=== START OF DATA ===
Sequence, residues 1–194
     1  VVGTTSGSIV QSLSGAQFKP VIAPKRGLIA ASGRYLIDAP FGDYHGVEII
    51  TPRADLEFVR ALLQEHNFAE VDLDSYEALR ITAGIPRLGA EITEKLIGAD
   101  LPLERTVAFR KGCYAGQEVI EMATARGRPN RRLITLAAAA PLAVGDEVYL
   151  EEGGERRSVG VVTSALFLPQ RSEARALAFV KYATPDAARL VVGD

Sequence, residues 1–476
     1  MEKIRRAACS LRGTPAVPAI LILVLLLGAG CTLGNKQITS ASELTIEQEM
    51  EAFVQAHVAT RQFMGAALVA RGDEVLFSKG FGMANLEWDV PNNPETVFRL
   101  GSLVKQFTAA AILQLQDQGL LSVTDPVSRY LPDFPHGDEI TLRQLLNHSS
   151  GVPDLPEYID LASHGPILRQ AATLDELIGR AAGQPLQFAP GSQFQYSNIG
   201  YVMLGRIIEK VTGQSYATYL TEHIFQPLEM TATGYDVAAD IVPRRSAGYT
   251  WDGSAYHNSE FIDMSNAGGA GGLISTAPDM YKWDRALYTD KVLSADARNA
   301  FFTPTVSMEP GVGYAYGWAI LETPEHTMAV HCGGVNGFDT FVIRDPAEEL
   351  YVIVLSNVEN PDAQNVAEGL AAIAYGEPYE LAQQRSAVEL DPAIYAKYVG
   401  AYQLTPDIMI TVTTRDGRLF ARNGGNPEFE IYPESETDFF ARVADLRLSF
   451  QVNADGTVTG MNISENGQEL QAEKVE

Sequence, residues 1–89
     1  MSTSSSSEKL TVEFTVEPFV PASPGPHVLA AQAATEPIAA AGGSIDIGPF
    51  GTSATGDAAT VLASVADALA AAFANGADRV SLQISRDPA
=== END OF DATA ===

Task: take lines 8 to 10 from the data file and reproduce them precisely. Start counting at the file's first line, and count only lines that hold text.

    51  EAFVQAHVAT RQFMGAALVA RGDEVLFSKG FGMANLEWDV PNNPETVFRL
   101  GSLVKQFTAA AILQLQDQGL LSVTDPVSRY LPDFPHGDEI TLRQLLNHSS
   151  GVPDLPEYID LASHGPILRQ AATLDELIGR AAGQPLQFAP GSQFQYSNIG